21 June 2009

Welcome to Summer 2009

After being away for six weeks, I have enjoyed much of the last one at home. I am working some each day (no summer off anymore). July is shaping up to be another crush of busy-ness, so I am doing what I can to use my overtime and recharge myself.

One of the things I've enjoyed seeing around the edusphere is all of the energy of teachers on holiday: their plans for next year...their ideas for professional development over the summer...how their learning is continuing.

I have to admit that I haven't been very good about such things this year. I used to do far more professional reading and participating in learning circles. It is odd to me to work in a place devoted to education...and have no learning happening within its walls. It's all management. I don't think this is good. I can't change the workplace. I can change my own habits; or, rather, I can re-adopt my old ones and make a better effort to stay current with my reading.

As for learning circles? My in-person options are limited (at best), so I will probably look to more on-line conversations...or perhaps challenge myself to do more posting here. I think that my lack of posting this year hasn't been due to lack of experiences to share, but rather that my learning has been stunted in the workplace. I have allowed that to happen...but no more.

14 June 2009

Just Wondering

I was reading Batman Villains and Cooperation: A Utility Analysis and this idea stuck out at me:
The theory is that as you add villains, working together will prove more difficult and planning more arduous. Therefore, the probability of getting Batman will increase, but by a marginally smaller amount with each villain added.
I had to stop at this point and wonder if this unusual application of economics might also apply to schools. Suppose we made a couple of substitutions:
The theory is that as you add [teachers], working together will prove more difficult and planning more arduous. Therefore, the probability of getting [student achievement] will increase, but by a marginally smaller amount with each [teacher] added.
The theory is that as you add [students], working together will prove more difficult and planning more arduous. Therefore, the probability of getting [group project completed] will increase, but by a marginally smaller amount with each [student] added.
Does the Law of Diminishing Returns have application to workplace dynamics? In this age where collaboration and shared decision-making are valued above individual work ethic---are we better off with a "divide and conquer" strategy for moving initiatives forward? One could argue that since education is not producing widgets, that the Law shouldn't apply where schools are concerned.

And yet, I can't help but think about whether the end product matters where diminishing returns are concerned. I remember a quote from the Seattle news coverage of schools that "Kumbaya consensus isn't leadership at all -- it's death by a gazillion selfish interests." Are those selfish interests any different (or more real) than expecting the Joker and Penguin to work in concert to off Batman?

For every cook we allow to stir the pot of student achievement, we gain communal support and buy-in to a common goal. These are worthwhile ends---but now, I am just wondering about what may be lost in the process.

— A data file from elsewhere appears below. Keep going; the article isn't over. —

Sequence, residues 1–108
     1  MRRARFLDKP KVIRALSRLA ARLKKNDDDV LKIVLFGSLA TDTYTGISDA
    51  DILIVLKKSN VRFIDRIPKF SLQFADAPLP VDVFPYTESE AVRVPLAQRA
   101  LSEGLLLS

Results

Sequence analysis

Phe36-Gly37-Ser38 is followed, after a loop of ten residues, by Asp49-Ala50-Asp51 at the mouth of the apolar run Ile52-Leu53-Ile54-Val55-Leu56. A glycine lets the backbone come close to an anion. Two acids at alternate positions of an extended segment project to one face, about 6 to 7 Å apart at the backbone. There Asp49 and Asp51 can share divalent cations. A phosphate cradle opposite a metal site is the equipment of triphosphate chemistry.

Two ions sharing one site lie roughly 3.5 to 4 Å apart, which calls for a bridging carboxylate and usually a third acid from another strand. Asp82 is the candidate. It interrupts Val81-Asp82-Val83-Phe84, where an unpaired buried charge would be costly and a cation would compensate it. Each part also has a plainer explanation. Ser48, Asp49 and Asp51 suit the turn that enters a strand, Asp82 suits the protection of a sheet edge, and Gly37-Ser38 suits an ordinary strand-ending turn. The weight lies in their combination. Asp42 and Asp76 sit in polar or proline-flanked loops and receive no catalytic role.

13 June 2009

It's the Instruction, Stupid

I keep seeing a lot of posts and articles about the drive for national standards for literacy and math (and perhaps science on down the road). Recently, Washington state has spent hundreds of thousands of dollars to revise its math and science standards (and recommend "aligned" instructional materials).

I can't help but be a bit mystified by all of this.

I understand the purpose of a standards-based education for every child. What I don't understand is the assumption that better standards (whatever that means) will equal increases in student achievement. It comes from another false conclusion that the reason scores on student achievement measures are low is because there must be something wrong with the current academic standards.

Sorry, but that dog just won't hunt. Standards are all well and good in their place, but they are not some sort of magic bullet for student learning. Even before the days of NCLB, standards, and standardized testing, there was an achievement gap. The presence of those things does not seem to be making much more difference than their absence.

I have to wonder how much greater impact on students we could have if all the money and energy was actually spent on supporting good instruction. Just imagine what could be accomplished if the focus on creating national standards was repurposed into instructional coaching, time/money for teacher collaboration, or other practices that have a direct impact on kids. What if we left the standards and assessments we have in place long enough to get the instructional pieces determined?

At some point, we have to look seriously at classroom instruction. To only focus Legislative attention on the framework (standards, instructional materials) and output (testing), neglects the most important part of the process: what happens in a classroom between a teacher and students.

11 June 2009

Calendar Girl

As a teacher, I always looked forward to May and June. The end of the school year and the change to summer weather and pasttimes was a favourite time of year. This year, however, I have looked at those months on the calendar and cringed. With the change in job came nearly 6 straight weeks of being on the road.

I am not, by nature, very adventurous. I prefer being home vs. being anywhere else. The thought of having to make arrangements for pets, yard, bills, etc. for well over a month while I lived out of a suitcase elsewhere has made for a tense spring. I could see my nomadic existence looming and feel my blood pressure rise. But I am home for the duration now. And here is a wrap-up of major events...